Ramaphosa in November also sacked Tom Moyane, the head of the South African Revenue Services (SARS), who presided over a corruption-riddled and mismanaged agency; his sacking followed a recommendation by retired judge Robert Nugent, who had been appointed by Ramaphosa to investigate the governance failures of what was once a world-class revenue collector. In addition to the axing of Moyane, Nugent recommended wide-ranging changes at SARS, including changing the governance structure and appointing more competent officials to run it.
|Does the government operate with openness and transparency?||3.003 4.004|
Section 32(1) of the South African constitution states that everyone has the right to access “any information held by the state” and requires that private bodies release information necessary for the exercise and protection of rights. The 2000 Promotion of Access to Information Act created a framework for access to information procedures in both public and private entities. However, in practice the procedure of accessing information is laborious and bureaucratic.
State contracts worth hundreds of millions of rand were awarded to companies linked to the Gupta family without following proper procedures. A similar lack of transparency and competitive bidding has affected the awarding of other government contracts.
|Are there free and independent media?||3.003 4.004|
Freedom of expression and the press are protected in the constitution and generally respected in practice. South Africa features a vibrant and often adversarial media landscape, including independent civic groups that help counter government efforts to encroach on freedom of expression. In 2017, the media played a crucial role in exposing the corruption linked to the Gupta family and the involvement of British public relations firm Bell Pottinger in stirring up racial tensions in the country.
However, journalists face harassment for critical reporting and occasional attack, and the government has exerted pressure on both state-run and independent outlets. In a high-profile incident in October 2018, the Sunday Times printed an apology for several stories printed in past years it said had been inaccurate, adding, “we committed mistakes and allowed ourselves to be manipulated by those with ulterior motives.” The controversy involving one of the country’s most prominent newspapers prompted talk by the ANC about dusting off its plan to establish a media appeals tribunal, which media practitioners have consistently criticized.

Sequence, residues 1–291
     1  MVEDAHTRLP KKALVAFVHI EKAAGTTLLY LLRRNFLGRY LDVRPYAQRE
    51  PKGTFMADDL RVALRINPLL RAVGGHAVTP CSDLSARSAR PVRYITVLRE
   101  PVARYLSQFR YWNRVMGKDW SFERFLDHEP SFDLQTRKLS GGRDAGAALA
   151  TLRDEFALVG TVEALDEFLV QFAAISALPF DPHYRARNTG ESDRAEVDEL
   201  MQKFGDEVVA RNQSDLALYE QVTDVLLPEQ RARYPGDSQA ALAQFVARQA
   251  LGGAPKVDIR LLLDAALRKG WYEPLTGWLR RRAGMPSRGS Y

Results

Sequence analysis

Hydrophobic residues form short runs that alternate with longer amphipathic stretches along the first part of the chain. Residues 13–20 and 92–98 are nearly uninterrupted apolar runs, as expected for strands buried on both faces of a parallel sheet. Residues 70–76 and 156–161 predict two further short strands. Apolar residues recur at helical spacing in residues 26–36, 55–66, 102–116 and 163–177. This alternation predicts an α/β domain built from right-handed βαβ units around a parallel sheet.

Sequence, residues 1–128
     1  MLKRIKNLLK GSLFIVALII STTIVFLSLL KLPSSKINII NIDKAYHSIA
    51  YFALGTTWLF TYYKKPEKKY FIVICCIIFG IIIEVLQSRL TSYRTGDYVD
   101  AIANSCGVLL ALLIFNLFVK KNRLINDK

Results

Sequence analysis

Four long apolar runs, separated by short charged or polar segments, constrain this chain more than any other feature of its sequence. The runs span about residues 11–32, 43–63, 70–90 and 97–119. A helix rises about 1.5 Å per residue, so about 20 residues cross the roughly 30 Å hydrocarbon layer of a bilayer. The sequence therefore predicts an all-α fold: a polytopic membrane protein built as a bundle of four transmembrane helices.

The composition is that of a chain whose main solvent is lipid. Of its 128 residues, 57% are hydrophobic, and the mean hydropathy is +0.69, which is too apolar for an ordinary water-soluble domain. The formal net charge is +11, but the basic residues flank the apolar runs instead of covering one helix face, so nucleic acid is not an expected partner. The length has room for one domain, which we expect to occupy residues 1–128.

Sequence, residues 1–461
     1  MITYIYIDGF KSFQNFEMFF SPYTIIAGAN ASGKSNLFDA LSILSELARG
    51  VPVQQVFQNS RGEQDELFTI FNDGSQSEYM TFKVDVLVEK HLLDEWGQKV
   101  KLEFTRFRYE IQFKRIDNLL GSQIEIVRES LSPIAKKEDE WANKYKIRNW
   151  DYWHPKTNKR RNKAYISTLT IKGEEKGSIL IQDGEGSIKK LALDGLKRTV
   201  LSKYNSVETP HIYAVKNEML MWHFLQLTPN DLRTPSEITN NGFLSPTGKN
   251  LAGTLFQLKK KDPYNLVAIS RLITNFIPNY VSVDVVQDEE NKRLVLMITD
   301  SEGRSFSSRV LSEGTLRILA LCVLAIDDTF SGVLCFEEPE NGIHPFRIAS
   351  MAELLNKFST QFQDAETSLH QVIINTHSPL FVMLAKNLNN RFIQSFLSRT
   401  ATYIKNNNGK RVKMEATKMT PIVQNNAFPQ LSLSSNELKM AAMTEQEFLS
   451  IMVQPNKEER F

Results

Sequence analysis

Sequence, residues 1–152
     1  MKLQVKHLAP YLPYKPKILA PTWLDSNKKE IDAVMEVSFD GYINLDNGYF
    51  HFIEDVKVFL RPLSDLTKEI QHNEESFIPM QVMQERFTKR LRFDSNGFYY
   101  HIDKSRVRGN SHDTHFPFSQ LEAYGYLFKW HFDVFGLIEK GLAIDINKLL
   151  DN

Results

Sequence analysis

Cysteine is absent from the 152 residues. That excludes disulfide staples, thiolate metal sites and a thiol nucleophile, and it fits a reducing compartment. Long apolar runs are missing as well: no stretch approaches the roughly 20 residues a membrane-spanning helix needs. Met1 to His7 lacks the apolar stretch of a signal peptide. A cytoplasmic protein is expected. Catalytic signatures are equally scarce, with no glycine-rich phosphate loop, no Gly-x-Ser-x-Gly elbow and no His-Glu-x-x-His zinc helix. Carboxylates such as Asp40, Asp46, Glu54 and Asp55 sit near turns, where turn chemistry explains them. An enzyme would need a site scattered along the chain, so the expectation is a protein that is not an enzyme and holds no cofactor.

Journalists and rights groups have expressed concern that the misuse of surveillance laws, notably the 2002 Regulation of Interception of Communications and Provision of Communication-Related Information Act (RICA), can enable spying on reporters. In 2017, the amaBhungane Centre for Investigative Journalism launched a constitutional challenge to the act, which was ongoing at the end of 2018.
|Are individuals free to practice and express their religious faith or nonbelief in public and private?||4.004 4.004|
Freedom of religion is constitutionally guaranteed and actively protected by the government. Religious leaders are largely free to engage in discussions of a political nature without fear of adverse consequences.
|Is there academic freedom, and is the educational system free from extensive political indoctrination?||4.004 4.004|
Academic freedom in South Africa is constitutionally guaranteed and actively protected by the government.
|Are individuals free to express their personal views on political or other sensitive topics without fear of surveillance or retribution?||4.004 4.004|
South Africans are generally free to engage in private conversations of a political nature without harassment. However, a 2016 report from the UN Human Rights Committee expressed concern about the government’s use of surveillance and about RICA, the law governing surveillance. A legal challenge to RICA was ongoing at the end of 2018.
|Is there freedom of assembly?||4.004 4.004|
Freedom of assembly is constitutionally guaranteed and generally respected, and South Africa has a vibrant protest culture. Demonstrators must notify police of events ahead of time, but are rarely prohibited from gathering; in November 2018, the Constitutional Court ruled that a failure to notify authorities of intent to protest could not be classified as a crime. Protests over the government’s shortcomings in the provision of public services are common in South Africa, and sometimes turn violent. Police have faced accusations of provoking some protest violence.